Packaging Materials |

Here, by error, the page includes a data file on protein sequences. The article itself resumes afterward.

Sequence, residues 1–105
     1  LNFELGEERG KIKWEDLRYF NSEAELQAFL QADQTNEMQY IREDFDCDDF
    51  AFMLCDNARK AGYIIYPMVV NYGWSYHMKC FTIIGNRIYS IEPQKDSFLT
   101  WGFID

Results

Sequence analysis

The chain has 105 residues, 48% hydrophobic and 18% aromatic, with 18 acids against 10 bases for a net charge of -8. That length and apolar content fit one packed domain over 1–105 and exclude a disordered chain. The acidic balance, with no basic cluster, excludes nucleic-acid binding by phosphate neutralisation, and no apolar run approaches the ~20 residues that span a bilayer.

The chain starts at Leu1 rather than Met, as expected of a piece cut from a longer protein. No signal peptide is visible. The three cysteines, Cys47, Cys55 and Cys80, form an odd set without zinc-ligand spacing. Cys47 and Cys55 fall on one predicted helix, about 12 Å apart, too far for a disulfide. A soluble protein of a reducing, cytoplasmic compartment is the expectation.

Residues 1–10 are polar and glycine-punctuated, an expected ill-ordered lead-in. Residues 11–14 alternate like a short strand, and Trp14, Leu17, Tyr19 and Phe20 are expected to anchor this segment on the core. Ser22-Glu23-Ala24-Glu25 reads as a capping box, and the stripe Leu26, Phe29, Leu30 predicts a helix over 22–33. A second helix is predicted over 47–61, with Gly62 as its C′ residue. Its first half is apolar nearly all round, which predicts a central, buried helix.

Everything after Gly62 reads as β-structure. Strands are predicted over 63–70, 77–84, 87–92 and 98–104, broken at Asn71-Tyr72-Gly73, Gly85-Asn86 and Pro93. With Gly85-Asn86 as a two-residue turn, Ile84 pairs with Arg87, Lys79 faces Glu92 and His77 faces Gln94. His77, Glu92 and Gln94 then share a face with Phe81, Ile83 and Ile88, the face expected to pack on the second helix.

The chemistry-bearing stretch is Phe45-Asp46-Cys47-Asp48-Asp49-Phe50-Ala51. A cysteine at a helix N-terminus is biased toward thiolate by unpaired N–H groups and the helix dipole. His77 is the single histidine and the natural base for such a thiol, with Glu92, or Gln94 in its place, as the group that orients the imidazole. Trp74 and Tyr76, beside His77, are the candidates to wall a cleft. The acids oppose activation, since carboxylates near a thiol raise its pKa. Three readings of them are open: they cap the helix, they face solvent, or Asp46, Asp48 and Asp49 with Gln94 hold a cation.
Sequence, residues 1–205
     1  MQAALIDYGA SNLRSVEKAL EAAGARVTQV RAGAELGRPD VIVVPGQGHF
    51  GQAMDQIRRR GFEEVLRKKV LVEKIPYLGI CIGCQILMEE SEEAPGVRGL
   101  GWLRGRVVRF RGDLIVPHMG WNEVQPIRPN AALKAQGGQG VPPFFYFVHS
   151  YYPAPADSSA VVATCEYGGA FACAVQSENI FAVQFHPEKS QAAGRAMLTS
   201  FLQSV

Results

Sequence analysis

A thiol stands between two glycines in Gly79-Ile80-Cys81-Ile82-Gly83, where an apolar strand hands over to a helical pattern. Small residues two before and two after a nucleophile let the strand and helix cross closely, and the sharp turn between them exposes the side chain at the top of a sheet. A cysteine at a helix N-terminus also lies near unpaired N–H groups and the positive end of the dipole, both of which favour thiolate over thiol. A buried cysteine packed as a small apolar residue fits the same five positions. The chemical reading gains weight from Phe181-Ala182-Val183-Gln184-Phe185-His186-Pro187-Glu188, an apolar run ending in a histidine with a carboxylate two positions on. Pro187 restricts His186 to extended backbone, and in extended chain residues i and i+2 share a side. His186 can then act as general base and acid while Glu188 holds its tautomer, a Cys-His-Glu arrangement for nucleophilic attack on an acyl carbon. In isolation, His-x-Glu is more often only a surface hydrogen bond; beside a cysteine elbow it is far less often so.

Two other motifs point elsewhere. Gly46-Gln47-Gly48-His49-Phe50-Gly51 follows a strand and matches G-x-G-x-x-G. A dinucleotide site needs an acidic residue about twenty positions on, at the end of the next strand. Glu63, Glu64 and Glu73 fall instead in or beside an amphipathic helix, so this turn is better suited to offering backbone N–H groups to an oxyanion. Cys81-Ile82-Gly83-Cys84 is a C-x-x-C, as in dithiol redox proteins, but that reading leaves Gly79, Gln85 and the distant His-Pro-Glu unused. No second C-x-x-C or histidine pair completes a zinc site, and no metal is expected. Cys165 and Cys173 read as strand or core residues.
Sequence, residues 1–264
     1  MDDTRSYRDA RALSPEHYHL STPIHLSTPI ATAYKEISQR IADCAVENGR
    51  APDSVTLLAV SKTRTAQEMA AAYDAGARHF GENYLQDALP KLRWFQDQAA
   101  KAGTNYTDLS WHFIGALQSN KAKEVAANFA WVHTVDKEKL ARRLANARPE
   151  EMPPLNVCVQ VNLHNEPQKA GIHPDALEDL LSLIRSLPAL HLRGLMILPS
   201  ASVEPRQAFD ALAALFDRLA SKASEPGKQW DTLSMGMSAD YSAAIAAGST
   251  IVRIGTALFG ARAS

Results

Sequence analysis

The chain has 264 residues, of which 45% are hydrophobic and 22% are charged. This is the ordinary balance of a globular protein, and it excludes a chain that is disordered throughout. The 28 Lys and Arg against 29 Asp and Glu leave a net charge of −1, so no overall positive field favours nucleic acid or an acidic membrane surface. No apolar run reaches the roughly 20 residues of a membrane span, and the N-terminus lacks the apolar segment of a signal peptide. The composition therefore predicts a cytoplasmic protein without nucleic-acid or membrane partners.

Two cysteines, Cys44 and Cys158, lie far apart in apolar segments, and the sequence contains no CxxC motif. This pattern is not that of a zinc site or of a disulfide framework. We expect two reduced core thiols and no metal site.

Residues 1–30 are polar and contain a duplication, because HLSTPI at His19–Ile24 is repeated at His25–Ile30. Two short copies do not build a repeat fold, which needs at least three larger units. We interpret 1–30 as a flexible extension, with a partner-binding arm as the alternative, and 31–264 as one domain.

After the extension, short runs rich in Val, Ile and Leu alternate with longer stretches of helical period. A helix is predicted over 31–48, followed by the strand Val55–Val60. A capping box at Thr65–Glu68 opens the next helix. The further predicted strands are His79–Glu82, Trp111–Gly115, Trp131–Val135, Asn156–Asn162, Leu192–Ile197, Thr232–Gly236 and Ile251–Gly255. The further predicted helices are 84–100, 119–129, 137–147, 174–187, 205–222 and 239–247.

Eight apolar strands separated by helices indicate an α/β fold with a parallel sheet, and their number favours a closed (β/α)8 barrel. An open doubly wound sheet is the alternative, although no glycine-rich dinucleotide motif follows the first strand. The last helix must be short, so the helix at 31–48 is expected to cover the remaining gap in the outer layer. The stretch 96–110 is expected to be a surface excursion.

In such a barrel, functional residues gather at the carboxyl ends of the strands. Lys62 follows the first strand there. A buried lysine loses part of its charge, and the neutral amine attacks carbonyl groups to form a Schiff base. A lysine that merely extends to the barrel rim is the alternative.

Plastic and sustainability are not two words you find in the same phrase very often. After all, with the terrible repercussions of plastic use, such as the great pacific garbage patch and the increasing presence of microplastics in the environment, plastics are anything but environmentally friendly, right? Think again. Much of what you have heard about plastics in mainstream media, online forums and social media websites are often short on facts while boasting questionable numbers. When you actually take the time to look at the science of sustainability and compare the life cycle assessments of the most popular packaging materials such as glass, metal, plastic, cardboard, paperboard, and paper, plastics come out as the most sustainable option almost every time. So why is it that whenever we hear about plastics on the evening news or social media, it is always something about how bad they are for the environment? And that brings us to today's topic: The Plastic Apocalypse. Now, when most people hear the word apocalypse, they think of things like "the end of the world" or perhaps "a nuclear explosive event." But the word apocalypse does not mean the end of the world. Our modern English word apocalypse comes from the ancient Greek word apokálupsis, which means to reveal or revelation. And that is precisely what this article is going to be. A revealing of the truth about plastic sustainability: after reading this article, you will have a much better understanding of plastic sustainability and its effect on the natural environment.